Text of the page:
Beneficial Owners ESG Roundtable: Part 1

Beneficial Owners ESG Roundtable: Part 1

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In December 2020, experts from the beneficial owner, agent lender and data provider community gathered to discuss how the securities lending market can be better at implementing environmental, social and governance (ESG) principles.


Steve Kiely, BNY Mellon

James Day, State Street

Dimitri Arlando, DataLend

Roelof van der Struik, PGGM

Martin Aasly, NN IP

Andrew Geggus, BNP Paribas

Radek Stech, Global PSSL

Oliver Wade, Global Investor Group

Chair: Before we turn to ESG, let's assess the health of the market.

Dimitri:  Total lendable assets averaged $21.94 trillion so far in 2020 (year to date to November), representing an increase of 7% compared to the same period in 2019. The actual breakdown of beneficial owners remains the same. Collective investment vehicles continue to be the largest suppliers of lendable assets, and together with pension funds and government entities account for about 85% of the market in terms of lendable assets. That carried through into the on-loan amounts as well, so pension funds, government entities and collective investment vehicles accounted for about 85% of assets on-loan. What changed here was the make-up of those top three with collective investment schemes dropping to third in the list, which is not surprising, because they tend to be highly regulated and have more restrictions which results in less on loan compared to the other two.

The average on loan amount of $2.2 trillion in 2020 is more or less in line with the 2019 average of $2.22 trillion.

Taking a look at revenue, the global year to date revenue figure was $6.91 billion, which is 14% lower than the same period in 2019.

Looking at the weighted average fees and the utilisation figures, it is clear that the fee component is the main reason for the lower revenue, with equities in particular seeing a significant drop in 2020. EMEA equities are down 20% this year in fee terms, and fixed income fees are down 10%.

The breakdown of revenue by fee bands shows that for equities the biggest impact was in the 50-250 bps band or the ‘warm bucket’ if you like.

For fixed income, most of the revenue comes from general collateral or GC trades, and in fact 2020 saw an increase in revenue. French government debt dominated in 2020 accounting for about 25% of the total fixed income revenue for the EMEA region.

Finally looking at the top performers, German battery manufacturer Varta AG was this year’s highest revenue generator in Europe, earning beneficial owners $76 million. Together with Wirecard, the two securities helped the German market dominate and indeed outperform in 2020 compared to 2019; it was the only major European market to do so this year. Overall, the top 10 securities in 2020 generated 9% more revenue than the top 10 in 2019.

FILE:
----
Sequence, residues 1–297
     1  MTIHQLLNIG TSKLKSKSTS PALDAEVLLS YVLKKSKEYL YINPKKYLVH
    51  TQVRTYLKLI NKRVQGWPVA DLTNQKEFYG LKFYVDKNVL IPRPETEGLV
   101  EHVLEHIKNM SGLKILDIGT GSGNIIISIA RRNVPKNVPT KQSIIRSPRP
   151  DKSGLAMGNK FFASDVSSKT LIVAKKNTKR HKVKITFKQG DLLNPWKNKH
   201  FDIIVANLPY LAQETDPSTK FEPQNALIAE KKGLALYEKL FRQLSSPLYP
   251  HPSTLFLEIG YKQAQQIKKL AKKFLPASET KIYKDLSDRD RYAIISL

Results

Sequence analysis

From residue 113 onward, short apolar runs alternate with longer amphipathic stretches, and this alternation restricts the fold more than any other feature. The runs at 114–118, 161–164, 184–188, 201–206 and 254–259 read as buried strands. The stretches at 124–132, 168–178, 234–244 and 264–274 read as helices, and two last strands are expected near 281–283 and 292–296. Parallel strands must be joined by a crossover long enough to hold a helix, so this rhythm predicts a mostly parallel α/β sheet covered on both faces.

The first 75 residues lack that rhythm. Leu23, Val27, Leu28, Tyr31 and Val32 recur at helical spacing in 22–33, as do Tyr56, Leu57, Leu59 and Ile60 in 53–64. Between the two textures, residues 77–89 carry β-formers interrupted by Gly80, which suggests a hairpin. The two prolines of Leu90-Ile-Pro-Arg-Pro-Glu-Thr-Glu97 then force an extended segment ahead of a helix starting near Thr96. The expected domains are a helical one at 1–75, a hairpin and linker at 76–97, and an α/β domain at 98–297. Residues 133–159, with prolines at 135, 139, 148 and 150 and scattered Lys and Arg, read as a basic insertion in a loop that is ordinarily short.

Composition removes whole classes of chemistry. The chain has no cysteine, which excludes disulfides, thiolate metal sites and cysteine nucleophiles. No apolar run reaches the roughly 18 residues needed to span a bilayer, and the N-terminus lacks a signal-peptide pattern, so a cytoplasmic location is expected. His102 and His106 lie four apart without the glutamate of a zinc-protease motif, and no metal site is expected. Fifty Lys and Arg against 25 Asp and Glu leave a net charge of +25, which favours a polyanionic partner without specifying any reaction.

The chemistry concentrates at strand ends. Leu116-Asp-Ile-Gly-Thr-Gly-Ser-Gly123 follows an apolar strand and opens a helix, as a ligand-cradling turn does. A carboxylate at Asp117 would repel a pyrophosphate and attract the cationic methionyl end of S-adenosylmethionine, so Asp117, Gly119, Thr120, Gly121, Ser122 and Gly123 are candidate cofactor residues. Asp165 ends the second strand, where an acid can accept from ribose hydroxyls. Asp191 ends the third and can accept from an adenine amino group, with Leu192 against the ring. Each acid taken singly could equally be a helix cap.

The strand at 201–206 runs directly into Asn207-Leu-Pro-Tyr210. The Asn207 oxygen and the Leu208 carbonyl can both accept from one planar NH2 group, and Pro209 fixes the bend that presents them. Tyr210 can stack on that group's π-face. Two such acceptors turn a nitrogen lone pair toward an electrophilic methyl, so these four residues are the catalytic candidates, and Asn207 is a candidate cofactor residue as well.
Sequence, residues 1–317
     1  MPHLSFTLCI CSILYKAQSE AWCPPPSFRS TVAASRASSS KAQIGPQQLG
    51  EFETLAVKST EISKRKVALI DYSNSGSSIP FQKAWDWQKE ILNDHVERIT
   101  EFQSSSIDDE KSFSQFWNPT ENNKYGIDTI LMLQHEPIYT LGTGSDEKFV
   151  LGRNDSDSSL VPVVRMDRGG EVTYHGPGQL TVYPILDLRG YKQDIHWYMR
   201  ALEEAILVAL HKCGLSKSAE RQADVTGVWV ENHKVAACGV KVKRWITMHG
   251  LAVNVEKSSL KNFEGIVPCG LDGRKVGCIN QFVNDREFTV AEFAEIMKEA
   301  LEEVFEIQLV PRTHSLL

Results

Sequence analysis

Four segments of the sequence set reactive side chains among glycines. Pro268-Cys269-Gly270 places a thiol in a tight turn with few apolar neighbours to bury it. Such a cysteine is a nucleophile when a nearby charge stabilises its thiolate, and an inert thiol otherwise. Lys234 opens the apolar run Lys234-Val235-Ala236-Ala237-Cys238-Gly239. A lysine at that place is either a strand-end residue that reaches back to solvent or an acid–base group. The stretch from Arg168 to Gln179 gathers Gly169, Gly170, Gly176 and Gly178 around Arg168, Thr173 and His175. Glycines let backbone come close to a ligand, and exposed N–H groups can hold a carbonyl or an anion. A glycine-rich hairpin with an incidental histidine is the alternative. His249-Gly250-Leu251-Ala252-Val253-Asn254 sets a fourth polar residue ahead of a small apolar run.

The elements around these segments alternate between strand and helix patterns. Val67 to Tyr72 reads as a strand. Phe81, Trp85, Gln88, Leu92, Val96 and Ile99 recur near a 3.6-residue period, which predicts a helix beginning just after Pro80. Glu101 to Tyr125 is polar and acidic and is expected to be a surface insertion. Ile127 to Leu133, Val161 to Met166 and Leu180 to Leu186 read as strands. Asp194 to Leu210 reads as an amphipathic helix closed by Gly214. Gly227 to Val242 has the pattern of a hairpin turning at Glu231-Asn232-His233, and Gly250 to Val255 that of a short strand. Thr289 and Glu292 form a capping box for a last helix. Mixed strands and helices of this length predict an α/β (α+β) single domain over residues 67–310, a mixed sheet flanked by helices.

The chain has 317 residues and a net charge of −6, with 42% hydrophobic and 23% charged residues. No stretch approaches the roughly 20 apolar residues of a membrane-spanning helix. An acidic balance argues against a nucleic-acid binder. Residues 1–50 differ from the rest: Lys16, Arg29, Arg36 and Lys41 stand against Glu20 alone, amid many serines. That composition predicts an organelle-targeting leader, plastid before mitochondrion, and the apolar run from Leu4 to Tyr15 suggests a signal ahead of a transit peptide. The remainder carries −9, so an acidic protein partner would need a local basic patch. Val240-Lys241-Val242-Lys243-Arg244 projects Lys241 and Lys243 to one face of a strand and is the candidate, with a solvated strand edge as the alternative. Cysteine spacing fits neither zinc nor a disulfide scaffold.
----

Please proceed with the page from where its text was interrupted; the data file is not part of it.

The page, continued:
When you look at the top 100 securities, you start to see it turn negative, and comparing the 2020 figures to the 2019 figures, you can see that the top 100 revenue was 13% less than in 2019, and for the top 250 it was 15% less than 2019.

Interestingly, on any given day, there are about 13,000 unique securities out on loan for the EMEA region (55,000 globally), and yet 60% of the total revenue comes from just 250 of those securities.

Chair:  How have the events that have unfolded this year impacted certain sectors and what stocks in particular have been hit the hardest?

Steve: We’ve covered a lot of this ground already this year, but just to sum up, I don’t think there are any surprises really; 2020 has not been the greatest year. Having said that, we had a good first half as we were up year-on-year in Q1 and Q2 and that was buoyed by all the usual suspects: when the effects of the pandemic first started to be felt HQLA was holding up, then there were  good opportunities in the equity space, in the US and Europe, and then Asia. If I look at our book, it is not dissimilar to what Dimitri just showed: Europe has been buoyed in the Sec Fin space by Germany. It’s in no small part due to Wirecard, but also the travel sector such as Lufthansa, and that’s what we’re seeing everywhere with those types of stocks being shorted. The energy sector, travel, retail were all being shorted, but so too were REITS. The real estate stocks were under stress before the pandemic volatility kicked in and continued to be shorted strongly throughout. Then we saw probably the quietest Q3 for quite some time, which I think is probably due to external factors - there’s an element of everyone pausing for breath with the working from home, a bit of COVID restriction fatigue setting in, and then I think the real effect of things like a lack of M&A, lack of corporate activity, cancelled dividends. I’m pleased to say that we’ve seen some of the Scandinavian companies issuing dividends in Q4, which is indicative of market health and there are some positive noises from European regulators around lifting the restrictions on issuing dividends next year.